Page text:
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Whether the notation which he applied to them, and to other works, shall ever be completed, and published, will depend upon the opinion of the christian public, as to the practical utility of this volume.
The notation, in this work, is much more copious than in the Analysis or the Reader. The reason is, that a number of professed teachers, whose taste and opinion were held in high estimation by the author, had requested that it might be so, for the use of children and youth, whose immature judgment seem to require more extended aid as to modulation and inflection, than might be required for adults. In some instances, the notation of passages this work differs from that in the Analysis and Reader, where the same passages occur in both. The author has left no assigned reason for this difference. But, whether his views of the correctness of the former notation were altered, or whether the discrepancies are merely accidental, it has not been thought best to incur the responsibility of any alteration. They are published therefore, as he left them. Although it is to be regretted that he was not enabled to finish this, and other works which he had in hand, it is hoped that it may still tend in some degree to advance the cause of christian Education,
Andover, November, 1834,
AS TO THE USE OF THIS WORK.
A knowledge of the principles of Rhetorical reading as stated in the Analysis and Rhetorical Reader, is indispensable to all who would use this work with profit.
When used to assist the devotions of the family altar, each reader should be provided with a copy,-should previously study the passage to be read,—and should be corrected at the time, for any want of compliance with the notation. It is recommended to clergymen who may use this work, to devote a portion of time daily to the reading of these extracts aloud, in preparation for reading in public. No directions are necessary as to its use in Academies and common schools. The reader is desired to bear in mind that Italic words denote Emphasis, throughout this work.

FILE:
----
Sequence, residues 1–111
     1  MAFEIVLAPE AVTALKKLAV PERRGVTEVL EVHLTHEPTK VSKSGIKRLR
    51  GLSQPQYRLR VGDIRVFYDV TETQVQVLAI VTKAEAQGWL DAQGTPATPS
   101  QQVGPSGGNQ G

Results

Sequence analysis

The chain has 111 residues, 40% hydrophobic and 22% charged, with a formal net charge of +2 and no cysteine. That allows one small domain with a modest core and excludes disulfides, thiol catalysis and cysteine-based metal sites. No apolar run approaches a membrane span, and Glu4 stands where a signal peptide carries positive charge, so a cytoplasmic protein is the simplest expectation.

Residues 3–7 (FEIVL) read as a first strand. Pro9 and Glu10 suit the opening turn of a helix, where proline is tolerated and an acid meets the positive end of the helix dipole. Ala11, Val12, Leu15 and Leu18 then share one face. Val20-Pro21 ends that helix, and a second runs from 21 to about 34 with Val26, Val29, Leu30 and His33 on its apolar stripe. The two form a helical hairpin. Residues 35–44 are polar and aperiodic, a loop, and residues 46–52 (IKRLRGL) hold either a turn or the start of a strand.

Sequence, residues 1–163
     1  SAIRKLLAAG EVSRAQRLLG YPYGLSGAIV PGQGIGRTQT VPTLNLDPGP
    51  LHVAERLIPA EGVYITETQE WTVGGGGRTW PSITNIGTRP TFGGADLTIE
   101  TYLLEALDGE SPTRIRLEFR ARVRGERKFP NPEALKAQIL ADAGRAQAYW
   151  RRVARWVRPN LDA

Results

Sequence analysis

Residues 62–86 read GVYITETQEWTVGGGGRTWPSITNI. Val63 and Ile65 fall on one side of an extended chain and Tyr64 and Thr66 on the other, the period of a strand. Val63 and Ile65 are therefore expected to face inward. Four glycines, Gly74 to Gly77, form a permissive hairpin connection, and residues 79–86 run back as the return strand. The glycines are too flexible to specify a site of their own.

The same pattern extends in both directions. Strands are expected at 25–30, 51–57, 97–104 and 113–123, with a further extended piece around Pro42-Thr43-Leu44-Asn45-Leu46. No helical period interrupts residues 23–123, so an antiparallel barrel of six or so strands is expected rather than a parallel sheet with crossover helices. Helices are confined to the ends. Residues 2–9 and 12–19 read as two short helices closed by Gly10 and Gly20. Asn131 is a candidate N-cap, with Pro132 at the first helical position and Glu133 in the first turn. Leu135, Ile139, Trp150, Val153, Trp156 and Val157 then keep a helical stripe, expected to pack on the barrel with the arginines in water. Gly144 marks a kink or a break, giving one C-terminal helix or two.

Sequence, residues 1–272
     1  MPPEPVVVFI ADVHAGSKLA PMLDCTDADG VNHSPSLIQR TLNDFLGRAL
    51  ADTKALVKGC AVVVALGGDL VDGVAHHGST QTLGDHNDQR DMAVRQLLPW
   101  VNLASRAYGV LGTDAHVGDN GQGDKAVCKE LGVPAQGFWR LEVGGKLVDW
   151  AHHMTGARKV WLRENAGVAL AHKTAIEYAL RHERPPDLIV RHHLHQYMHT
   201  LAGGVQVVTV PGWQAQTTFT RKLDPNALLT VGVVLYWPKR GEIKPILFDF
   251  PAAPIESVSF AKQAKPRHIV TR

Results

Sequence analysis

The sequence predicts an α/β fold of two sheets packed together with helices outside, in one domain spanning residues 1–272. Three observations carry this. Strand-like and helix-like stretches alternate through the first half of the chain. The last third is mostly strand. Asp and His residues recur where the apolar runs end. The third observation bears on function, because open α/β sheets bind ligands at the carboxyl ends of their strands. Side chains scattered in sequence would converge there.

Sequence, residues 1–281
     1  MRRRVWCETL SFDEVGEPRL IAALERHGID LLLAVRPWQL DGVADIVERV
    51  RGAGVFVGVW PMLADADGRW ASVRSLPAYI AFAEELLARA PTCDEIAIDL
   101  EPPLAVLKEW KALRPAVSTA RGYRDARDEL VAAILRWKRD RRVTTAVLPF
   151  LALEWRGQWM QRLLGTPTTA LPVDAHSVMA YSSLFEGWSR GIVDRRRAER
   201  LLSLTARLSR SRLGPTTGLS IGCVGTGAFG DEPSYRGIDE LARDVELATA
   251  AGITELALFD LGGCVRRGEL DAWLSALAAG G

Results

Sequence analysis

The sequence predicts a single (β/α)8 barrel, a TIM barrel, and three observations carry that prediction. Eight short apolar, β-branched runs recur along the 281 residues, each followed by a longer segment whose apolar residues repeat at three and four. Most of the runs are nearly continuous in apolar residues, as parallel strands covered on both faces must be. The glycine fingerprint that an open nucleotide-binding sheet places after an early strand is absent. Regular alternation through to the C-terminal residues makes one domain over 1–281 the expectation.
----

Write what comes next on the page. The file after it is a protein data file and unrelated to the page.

A number of instances of wrong notation will be found by the critical reader, which were occasioned by the absence of the Editor, and the inefficiency of the mail, while a few of the sheets were in the printers' hands. They may easily be corrected by the pen, as they are all errors in inflective notation.
GEN. I.-1 In the beginning God created the heaven and the earth. 2 And the earth was without form, and vòid; and darkness was upon the face of the deep: and the Spirit of God moved upon the face of the waters.
3 And God said, Let there be light: and there was light. 4 And God saw the light, that it was good: and God divided the light from the darkness. 5 And God called the light Dày, and the darkness he called Night. And the evening and the morning were the first day.
6 And God said, Let there be a fìrmament in the midst of the waters, and let it divide the waters from the waters. 7 And God made the firmament, and divided the waters which were under the firmament from the waters which were above the firmament: and it was so. 8 And God called the firmament Heaven. And the evening and the morning were the second day.
9 And God said, Let the waters under the heaven be gathered together unto one plàce, and let the dry land appear: and it was so. 10 And God called the dry land Earth, and the gathering together of the waters called he Seas: and God saw that it was good. 11 And God said, Let the earth bring forth grass, the herb yielding seed, and the frùit-tree yielding fruit after his kind, whose seed is in itself, upon the earth and it was so. 12 Ánd the earth brought forth grass, and herb yielding seed after his kind, and the tree yielding fruit, whose seed was in itself, after his kind: and God saw